Like Father, Like Son posterLike Father, Like Son is the latest in a long line of demure, unassuming family dramas from Japanese director Hirokazu Kore-eda. Much like 2011’s I Wish,his latest enterprise also focuses strongly on the plight of misplaced children, featuring a pair of six year-olds who were incompetently swapped at birth. As the winner of the prestigious Jury Prize at Cannes, does it deliver the promised goods?

You betcha, it does. Like Father, Like Son centres around a busy architect called Ryota Nonomiya (Masaharu Fukushima) who lives with his wife Midori (Machika Ono) and their polite, neatly turned-out son. Keita. A harrowing call from Midori’s former maternity hospital results in the gruelling discovery that Keita is not really her or Ryota’s kid, but biologically belongs to a Mr and Mrs Saiki, who likewise have raised the ‘wrong’ boy. Nature battles nurture in Ryota’s mind as he struggles to reconcile tradition with his own emotions.

Both families rendez-vous at shopping centres and playgrounds in an effort to get along. While both mothers empathise in their shared ordeal, the two dads wage a socio-cultural war of words. Ryoto finds Mr. Saiki buffoonish and irresponsible, while Mr. Saiki finds Ryoto’s arrogant pretension hard to swallow – his ultra modern Tokyo apartment is total anathema to the Saiki family’s barely profitable electronic knick-knack emporium-cottage hybrid.

Like Father, Like Son captures a magic unique to its Japanese setting. A famously patriarchal society, as well as one traditionally obsessed with familial bloodlines, Japan is the ideal artistic soil for planting the seeds of a mismatched children story. Ryota is stereotypically onerous, forcing hated piano lessons on poor Keita and politely demanding dinner upon arriving home. While his archaic behaviour isn’t excused by the geography, it’s certainly contextual.

Mercifully, a vital sense of humour underscores the proceedings; a lack thereof would render Like Father, Like Son a very sombre affair indeed. The Saiki family’s whimsical, happy-go-lucky attitude is perpetually regarded with derision by Ryota, but Kore-eda shoots their personal scenes at home with a playful coyness that’s utterly charming. Rather, it’s Ryota’s insufferable snobbery that the movie lampoons, all the while championing diversity and unorthodoxy.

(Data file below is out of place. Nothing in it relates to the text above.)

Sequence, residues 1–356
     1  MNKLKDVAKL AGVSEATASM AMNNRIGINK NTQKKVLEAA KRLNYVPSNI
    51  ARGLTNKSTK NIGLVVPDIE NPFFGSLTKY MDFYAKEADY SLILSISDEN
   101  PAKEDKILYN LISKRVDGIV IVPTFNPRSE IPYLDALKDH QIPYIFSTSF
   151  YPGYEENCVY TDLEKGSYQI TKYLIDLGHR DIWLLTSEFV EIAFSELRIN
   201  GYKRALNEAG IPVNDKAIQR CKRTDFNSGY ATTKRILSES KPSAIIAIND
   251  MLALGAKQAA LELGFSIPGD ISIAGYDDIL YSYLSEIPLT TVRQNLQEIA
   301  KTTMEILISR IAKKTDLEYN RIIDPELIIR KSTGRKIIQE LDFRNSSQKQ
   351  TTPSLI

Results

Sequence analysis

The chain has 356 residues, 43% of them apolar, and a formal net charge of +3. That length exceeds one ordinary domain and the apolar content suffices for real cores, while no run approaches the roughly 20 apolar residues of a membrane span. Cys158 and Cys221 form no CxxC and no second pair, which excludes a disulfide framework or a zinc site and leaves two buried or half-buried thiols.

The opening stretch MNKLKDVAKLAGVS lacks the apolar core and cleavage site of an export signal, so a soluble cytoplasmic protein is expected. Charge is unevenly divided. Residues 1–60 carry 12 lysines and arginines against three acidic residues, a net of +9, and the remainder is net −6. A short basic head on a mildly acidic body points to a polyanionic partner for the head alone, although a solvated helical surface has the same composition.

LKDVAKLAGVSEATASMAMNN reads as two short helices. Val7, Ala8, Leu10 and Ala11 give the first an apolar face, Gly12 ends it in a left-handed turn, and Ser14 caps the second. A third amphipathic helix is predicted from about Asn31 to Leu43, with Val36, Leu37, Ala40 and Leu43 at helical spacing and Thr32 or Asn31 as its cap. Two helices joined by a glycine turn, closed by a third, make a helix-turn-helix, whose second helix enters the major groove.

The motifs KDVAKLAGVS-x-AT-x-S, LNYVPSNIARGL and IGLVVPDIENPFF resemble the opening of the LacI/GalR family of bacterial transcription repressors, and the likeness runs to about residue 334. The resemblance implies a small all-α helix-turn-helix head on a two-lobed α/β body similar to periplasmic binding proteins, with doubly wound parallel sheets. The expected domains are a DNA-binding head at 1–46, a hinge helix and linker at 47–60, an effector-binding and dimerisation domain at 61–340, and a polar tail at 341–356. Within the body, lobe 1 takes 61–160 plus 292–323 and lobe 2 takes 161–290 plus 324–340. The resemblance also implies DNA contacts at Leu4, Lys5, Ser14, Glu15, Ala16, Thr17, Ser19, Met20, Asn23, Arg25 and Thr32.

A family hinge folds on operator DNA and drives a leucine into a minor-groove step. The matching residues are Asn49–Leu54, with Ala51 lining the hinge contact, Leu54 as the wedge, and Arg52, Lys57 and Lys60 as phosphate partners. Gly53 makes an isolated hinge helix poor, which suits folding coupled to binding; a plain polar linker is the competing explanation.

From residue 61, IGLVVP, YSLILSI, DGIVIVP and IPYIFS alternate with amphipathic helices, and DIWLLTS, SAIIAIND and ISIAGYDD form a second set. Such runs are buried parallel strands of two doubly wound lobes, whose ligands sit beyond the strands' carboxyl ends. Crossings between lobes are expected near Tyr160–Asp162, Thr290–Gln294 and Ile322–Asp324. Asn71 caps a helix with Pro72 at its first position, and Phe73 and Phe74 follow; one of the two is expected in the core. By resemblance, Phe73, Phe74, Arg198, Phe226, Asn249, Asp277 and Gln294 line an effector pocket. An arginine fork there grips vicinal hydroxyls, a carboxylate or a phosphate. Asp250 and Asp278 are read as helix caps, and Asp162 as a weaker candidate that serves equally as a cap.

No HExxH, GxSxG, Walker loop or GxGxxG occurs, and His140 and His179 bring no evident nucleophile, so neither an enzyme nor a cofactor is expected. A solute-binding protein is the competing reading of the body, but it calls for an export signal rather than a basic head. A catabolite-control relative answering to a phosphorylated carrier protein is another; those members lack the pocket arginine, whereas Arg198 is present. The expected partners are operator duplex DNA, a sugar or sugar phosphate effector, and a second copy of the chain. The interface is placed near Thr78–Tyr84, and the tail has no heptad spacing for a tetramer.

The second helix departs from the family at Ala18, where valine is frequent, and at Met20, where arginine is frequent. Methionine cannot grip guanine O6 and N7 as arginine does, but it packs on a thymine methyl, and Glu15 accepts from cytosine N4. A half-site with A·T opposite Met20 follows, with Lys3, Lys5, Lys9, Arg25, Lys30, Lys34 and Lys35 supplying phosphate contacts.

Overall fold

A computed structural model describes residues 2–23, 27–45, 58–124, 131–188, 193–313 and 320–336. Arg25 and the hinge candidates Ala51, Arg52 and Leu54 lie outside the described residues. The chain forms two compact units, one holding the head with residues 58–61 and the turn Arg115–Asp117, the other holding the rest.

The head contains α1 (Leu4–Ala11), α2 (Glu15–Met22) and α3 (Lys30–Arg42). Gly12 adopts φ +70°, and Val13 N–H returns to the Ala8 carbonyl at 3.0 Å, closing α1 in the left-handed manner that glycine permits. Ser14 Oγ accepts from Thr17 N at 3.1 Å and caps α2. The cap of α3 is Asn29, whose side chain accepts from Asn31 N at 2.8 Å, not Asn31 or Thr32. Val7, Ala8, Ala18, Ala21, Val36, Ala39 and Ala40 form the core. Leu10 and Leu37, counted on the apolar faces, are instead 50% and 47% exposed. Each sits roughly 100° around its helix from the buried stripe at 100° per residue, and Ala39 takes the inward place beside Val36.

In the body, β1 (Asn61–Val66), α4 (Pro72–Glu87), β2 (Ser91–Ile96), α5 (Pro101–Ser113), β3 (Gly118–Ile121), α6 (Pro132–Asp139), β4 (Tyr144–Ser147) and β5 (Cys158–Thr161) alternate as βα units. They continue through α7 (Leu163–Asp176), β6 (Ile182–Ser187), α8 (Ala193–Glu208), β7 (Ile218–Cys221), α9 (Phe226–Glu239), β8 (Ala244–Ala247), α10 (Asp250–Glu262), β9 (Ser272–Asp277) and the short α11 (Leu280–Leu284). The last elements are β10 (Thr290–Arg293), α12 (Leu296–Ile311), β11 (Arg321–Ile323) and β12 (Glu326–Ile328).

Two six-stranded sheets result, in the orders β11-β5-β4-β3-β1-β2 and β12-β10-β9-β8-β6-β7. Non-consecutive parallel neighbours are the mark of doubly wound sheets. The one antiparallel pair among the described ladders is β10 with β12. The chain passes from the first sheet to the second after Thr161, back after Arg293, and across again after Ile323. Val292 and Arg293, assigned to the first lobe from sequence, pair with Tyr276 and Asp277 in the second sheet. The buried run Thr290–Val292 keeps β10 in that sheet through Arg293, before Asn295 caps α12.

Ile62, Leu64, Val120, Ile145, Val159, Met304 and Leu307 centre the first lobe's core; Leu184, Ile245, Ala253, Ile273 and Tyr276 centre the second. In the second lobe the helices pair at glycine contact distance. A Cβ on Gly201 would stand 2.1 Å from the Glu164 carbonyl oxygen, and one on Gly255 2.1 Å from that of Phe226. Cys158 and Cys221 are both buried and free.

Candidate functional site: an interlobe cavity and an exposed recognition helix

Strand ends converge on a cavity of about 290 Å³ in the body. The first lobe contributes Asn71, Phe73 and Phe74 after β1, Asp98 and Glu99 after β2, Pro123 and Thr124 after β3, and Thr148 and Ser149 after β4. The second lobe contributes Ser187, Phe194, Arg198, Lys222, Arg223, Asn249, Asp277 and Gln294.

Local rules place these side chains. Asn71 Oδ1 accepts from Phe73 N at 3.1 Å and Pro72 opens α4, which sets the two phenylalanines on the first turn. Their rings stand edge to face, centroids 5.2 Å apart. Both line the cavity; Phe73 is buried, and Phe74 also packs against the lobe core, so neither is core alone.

Spellbinding drama is a tough gig to maintain, and unfortunately Like Father, Like Son wavers and loses focus by the third act. Unnecessary distractions are peppered throughout, from aimless dialogue to gratuitously protracted ‘nothing’ scenes, which culminate in the last half-hour. The film infuriatingly delays the finale and drags out the runtime for no apparent reason other than arbitrary longevity. A generous 20-minute haircut would have really suited.

Whisperings of an upcoming Spielbergian remake of Like Father, Like Son seem somewhat counterintuitive. Although Kore-eda’s traditional ‘absent father’ yarn would place it in familiar Spielberg territory, the delicate finesse displayed here would likely be tarnished by the heavy-handed Hollywood movie-grinding machine. Lets leave the movie as it is – an overlong but gentle, intriguing and fabulously acted examination of Japanese social norms.